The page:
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Growth Marketing for Deathcare Part 2: What Are Growth Loops?

Last week we introduced the concept of growth marketing, a type of marketing focused on growing your clientele numbers, revenue, and overall business. Deathcare firms can tap into these efforts when they want to grow enough to open a new location, compete with larger firms, or just get more revenue on the books.

One of the main tools of growth marketing is the growth loop. Find out more about how you can create these loops for your deathcare firm today.

 

What Is a Growth Loop?

A growth loop occurs when you take the outputs of your marketing process and somehow convert them to inputs that drive more outputs. Okay, that’s a lot of marketing speak that’s meaningless on its own, so let’s explore an example.

You may have used or heard of Slack, a team messaging and communication app. Slack’s growth runs primarily on a growth loop that works like this:

  • The Slack marketing team triggers an input. Someone does a Google search online for team communication tools, for example, and finds Slack’s website. They sign up, becoming an output of Slack’s marketing process.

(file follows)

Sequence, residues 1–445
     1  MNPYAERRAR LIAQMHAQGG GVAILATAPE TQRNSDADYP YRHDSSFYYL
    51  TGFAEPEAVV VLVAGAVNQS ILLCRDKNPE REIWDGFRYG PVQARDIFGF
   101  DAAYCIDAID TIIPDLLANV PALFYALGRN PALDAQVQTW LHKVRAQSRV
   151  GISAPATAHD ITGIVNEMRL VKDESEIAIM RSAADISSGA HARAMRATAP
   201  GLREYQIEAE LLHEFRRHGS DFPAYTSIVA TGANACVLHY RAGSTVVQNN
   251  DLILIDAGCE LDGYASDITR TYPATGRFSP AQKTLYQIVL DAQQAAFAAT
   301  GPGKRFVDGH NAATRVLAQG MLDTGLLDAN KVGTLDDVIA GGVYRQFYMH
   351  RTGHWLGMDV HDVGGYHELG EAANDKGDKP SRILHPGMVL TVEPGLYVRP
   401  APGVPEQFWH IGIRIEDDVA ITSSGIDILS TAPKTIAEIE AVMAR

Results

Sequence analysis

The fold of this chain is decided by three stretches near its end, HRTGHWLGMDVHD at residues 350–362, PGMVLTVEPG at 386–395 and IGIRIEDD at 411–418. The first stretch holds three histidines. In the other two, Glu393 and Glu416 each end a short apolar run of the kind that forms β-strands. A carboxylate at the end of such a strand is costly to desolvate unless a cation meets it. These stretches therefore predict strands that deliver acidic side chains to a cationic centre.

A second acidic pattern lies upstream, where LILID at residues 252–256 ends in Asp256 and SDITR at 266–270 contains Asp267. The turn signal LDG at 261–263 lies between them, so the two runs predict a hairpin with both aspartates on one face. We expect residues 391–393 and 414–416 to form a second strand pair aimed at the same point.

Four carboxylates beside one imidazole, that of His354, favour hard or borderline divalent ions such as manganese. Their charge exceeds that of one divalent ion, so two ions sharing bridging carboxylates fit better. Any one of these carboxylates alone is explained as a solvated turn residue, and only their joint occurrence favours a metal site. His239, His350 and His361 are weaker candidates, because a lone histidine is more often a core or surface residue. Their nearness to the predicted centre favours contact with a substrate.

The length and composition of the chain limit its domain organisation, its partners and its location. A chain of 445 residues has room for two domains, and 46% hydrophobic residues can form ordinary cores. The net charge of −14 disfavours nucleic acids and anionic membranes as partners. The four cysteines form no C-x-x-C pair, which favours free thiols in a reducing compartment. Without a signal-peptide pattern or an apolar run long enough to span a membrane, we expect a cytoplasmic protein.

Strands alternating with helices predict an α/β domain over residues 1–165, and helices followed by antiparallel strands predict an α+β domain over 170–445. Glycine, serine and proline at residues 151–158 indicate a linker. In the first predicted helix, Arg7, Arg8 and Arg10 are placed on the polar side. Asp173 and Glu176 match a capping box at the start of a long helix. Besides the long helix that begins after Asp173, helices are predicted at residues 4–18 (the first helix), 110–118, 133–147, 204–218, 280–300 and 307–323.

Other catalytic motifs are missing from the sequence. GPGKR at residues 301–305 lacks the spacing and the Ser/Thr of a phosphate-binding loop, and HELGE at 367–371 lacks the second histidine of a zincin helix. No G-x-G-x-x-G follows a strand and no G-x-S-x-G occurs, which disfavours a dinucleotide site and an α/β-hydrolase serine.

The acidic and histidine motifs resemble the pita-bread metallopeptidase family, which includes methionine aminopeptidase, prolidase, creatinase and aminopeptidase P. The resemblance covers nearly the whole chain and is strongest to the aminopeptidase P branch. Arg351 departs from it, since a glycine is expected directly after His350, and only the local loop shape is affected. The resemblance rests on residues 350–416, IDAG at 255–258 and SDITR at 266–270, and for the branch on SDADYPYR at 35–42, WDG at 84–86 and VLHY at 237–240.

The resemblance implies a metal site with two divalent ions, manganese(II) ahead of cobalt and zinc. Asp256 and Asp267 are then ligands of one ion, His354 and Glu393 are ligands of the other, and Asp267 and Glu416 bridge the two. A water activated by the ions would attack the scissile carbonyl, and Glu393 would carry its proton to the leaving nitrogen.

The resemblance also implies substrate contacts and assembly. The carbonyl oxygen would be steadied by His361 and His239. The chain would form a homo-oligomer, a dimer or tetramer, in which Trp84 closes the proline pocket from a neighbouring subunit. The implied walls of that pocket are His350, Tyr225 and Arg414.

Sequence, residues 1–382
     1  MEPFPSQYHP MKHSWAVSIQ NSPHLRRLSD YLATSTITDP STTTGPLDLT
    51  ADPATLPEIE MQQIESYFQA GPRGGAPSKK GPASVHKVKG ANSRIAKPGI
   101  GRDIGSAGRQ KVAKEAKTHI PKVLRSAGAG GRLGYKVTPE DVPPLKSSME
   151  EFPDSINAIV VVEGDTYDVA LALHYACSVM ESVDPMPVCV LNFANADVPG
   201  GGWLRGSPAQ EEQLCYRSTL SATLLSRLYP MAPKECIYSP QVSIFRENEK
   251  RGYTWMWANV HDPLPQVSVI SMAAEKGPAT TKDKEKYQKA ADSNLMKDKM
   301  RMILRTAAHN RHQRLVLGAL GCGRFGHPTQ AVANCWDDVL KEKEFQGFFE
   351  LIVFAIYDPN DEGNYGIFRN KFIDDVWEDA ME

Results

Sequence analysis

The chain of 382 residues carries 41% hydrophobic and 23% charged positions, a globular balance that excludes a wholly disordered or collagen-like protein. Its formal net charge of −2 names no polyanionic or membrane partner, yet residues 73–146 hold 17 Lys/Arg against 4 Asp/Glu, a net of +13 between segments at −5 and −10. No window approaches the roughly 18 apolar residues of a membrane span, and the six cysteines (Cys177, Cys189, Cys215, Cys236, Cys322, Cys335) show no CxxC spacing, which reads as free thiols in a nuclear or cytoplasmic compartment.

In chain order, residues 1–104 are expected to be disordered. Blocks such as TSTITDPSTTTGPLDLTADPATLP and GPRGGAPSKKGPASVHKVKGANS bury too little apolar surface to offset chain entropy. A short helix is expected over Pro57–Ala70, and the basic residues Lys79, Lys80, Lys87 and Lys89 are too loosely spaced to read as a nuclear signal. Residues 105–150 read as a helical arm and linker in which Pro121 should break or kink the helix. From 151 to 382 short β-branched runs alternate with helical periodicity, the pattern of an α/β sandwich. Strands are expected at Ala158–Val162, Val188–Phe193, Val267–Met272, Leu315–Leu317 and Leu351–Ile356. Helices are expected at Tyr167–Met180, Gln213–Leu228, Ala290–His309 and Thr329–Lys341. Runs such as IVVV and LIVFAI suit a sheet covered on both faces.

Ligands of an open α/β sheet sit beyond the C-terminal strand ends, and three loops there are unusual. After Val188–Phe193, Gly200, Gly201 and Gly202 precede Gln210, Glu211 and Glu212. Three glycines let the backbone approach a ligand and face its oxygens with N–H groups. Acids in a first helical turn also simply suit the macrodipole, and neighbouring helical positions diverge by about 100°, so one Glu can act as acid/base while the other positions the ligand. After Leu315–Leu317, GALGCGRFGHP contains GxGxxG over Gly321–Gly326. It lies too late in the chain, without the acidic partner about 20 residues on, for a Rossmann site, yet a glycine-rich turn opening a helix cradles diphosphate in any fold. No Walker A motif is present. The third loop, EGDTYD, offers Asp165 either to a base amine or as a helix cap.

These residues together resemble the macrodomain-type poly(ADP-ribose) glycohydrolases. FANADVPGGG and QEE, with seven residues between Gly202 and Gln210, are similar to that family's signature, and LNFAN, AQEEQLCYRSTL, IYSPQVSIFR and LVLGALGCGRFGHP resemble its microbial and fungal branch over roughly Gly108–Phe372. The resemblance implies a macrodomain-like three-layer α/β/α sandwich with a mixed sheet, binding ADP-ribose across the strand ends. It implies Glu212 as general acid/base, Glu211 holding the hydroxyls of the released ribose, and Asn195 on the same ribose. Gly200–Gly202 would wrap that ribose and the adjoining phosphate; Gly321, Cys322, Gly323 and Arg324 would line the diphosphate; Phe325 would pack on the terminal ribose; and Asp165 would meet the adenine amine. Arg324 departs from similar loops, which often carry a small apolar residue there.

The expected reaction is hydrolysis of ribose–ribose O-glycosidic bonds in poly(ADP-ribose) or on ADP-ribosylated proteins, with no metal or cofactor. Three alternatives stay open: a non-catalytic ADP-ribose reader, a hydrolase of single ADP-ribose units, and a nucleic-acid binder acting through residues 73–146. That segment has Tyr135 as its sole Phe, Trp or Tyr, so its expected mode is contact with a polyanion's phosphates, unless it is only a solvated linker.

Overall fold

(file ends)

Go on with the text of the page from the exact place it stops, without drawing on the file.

• The customer engages in trigger activity too. That person invites their team and business partners to join them on Slack. At this point, the person is now creating input into Slack’s growth loop.
  • That activity creates more outputs. Some of the people who sign up to collaborate with this person eventually create their own paid Slack accounts and invite other people to collaborate on different efforts.
  • The cycle continues, resulting in constant growth.

 

Growth Loops for Deathcare

Growth loops for most deathcare businesses look a bit different, but you can foster them to help drive organic growth for your firm. Here are some examples:

  • Google reviews. When a satisfied family leaves a positive review on Google or another website, that encourages other people to choose you for their preplanning or at-need services. That’s technically a growth loop, and it doesn’t cost you anything more than a little time asking for reviews.
  • Preplanning referrals. You might create a process that lets preplanning clientele refer others, perhaps gaining a small discount or free upgrade on their own service by doing so. Referral programs are tried-and-true examples of growth loops.
  • Follow-up cycles. Sometimes, the growth loop is less about bringing in new clientele and more about maximizing the value of the clientele you already have. For example, you may set up an annual check-in with early preplanners, knowing that their income and wishes might change as they grow careers or experience life changes. Such check-ins can lead to additional purchases that increase the value of each preplanning contract.

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